White Muscle Disease
White muscle disease is a myodegenerative disorder of cattle that results from selenium deficiency. There are two forms of white muscle disease; a congenital form that affects the cardiac muscle, and a delayed form that is associated with either cardiac or skeletal muscle.
White muscle disease is a myopathy resulting from low levels of dietary selenium and vitamin E. Feeds grown in areas where the soil is deficient in selenium results in decreased uptake by the plant thus making the feed selenium-deficient. Vitamin E deficiency can be caused by large amounts of unsaturated fatty acids and other peroxide-forming substances in the diet. Another mechanism for selenium deficiency in cattle is the result of antagonistic effects of certain metals such as silver, copper, cobalt, mercury and tin.
Calves affected by the congenital form of white muscle disease usually die within 2-3 days of birth due to cardiac muscle degeneration. These calves will show signs of dyspnea due to cardiac failure as pericardial and pleural effusion develop. On necropsy, the heart will show white, chalky subendochondral plaques that are most noticeable in the left ventricle. The result is damage to cardiac muscle cells and Purkinje fibers.
Cattle affected by the delayed form or white muscle disease may exhibit signs ranging from general unthrift and stiffness, to walking with an arched back and spending more time recumbent, depending on the level of selenium in the diet. Often, the delayed form is brought on by vigorous exercise but if chronically affected, cattle can display splayed toes and a relaxation to the shoulder girdle. If a calf is affected severely it may die of starvation due to an inability to nurse properly due to weakness. The skeletal muscle lesions associated with the delayed from of white muscle disease are usually bilaterally symmetrical and can affect one or more muscle groups. The muscle will have white striations and feel dry and chalky due to abnormal calcium deposits.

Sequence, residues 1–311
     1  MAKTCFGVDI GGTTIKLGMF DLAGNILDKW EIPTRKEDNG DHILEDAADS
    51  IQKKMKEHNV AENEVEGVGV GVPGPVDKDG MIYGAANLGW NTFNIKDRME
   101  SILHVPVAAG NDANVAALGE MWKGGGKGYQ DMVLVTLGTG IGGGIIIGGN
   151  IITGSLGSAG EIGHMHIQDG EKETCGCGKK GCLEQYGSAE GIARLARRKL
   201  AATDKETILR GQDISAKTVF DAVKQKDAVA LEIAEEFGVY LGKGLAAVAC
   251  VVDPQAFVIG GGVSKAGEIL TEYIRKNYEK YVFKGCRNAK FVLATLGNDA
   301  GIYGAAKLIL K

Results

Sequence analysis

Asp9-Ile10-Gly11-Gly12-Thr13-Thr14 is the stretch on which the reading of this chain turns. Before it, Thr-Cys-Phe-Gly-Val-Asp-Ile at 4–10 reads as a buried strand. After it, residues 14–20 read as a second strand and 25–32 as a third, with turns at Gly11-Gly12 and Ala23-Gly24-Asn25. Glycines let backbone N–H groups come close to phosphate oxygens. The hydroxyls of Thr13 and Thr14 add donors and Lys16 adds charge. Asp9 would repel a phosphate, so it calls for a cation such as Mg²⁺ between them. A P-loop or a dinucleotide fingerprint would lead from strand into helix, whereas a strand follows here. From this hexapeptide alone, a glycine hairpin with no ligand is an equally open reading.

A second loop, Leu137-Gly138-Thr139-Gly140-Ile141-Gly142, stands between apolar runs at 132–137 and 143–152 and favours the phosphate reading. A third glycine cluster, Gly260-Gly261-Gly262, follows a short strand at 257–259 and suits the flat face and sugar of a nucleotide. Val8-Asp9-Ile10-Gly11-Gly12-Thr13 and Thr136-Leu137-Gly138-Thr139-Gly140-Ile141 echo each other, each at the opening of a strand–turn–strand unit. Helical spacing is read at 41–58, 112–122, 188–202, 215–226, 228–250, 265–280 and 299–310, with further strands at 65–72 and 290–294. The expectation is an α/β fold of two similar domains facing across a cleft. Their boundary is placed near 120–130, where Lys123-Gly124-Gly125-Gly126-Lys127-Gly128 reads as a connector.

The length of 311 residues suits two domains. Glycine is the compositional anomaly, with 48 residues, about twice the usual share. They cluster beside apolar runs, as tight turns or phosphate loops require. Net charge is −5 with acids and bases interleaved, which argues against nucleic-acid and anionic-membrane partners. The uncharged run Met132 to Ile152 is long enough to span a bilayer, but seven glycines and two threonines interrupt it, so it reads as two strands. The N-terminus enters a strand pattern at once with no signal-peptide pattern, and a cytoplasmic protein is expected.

Calves affected by white muscle disease can usually be diagnosied based on the characteristic signs and lesions. However, in mild cases, laboratory studies such as histologic examination and levels of glutathione peroxidase, AST, and CK may be necessary.
Cattle affected by white muscle disease have been treated with sodium selenite and vitamin E in sterile emulsion. This can be administered SC or IM, at 1 mg selenium and 50 mg (68 IU) of vitamin E per 18 kg (40 lb) body wt. If necessary, the treatment may be repeated two weeks later, but no more than four doses total should be given. In calves affected with simple vitamin E deficiency, treatment with dietary supplementation using α-tocopherol or substances rich in vitamin E can be used. Calves have been cured using 600-mg of α-tocopherol initially; followed by daily doses of 200-mg. Any polyunsaturated fats should be removed from the diet as these may be causing the vitamin E deficiency.
Preventing white muscle disease can be accomplished at many levels. First, soil deficient in selenium can be supplemented with selenium at 4 g/acre (10 g/hectare) in fertilizer. Second, feed known to be grown in selenium-deficient soils needs to be supplemented with additional selenium. In the USA, federal law controls supplementing feed with additional selenium so it is important to contact the appropriate authorities prior to beginning. Selenium can be supplemented in the form of sodium selenite, which contains 45.65% selenium. The recommended level of supplementation is 0.3 ppm selenium, calculated on the basis of total dry-matter intake. This needs to be thoroughly mixed and carefully measured to prevent accidental intoxication. Additional methods of preventing white muscle disease in cattle involve giving additional selenium to the cattle directly in the form of SC or intraruminal selenium pellets, selenium-fortified salt or mineral mixtures, or giving cows 15 mg of selenium, PO or SC, usually as sodium selenite, 4 wk prior to expected parturition. This will help prevent white muscle disease in calves born to these cows.
Smith, B.P. Large Animal Internal Medicine, 3rd Ed. Mosby-Elsevier Publishing. St. Louis, MO. 2009. pp.1279-1282.
Merck Veterinary Manual Online: http://www.merckvetmanual.com/mvm/index.jsp?cfile=htm/bc/91002.htm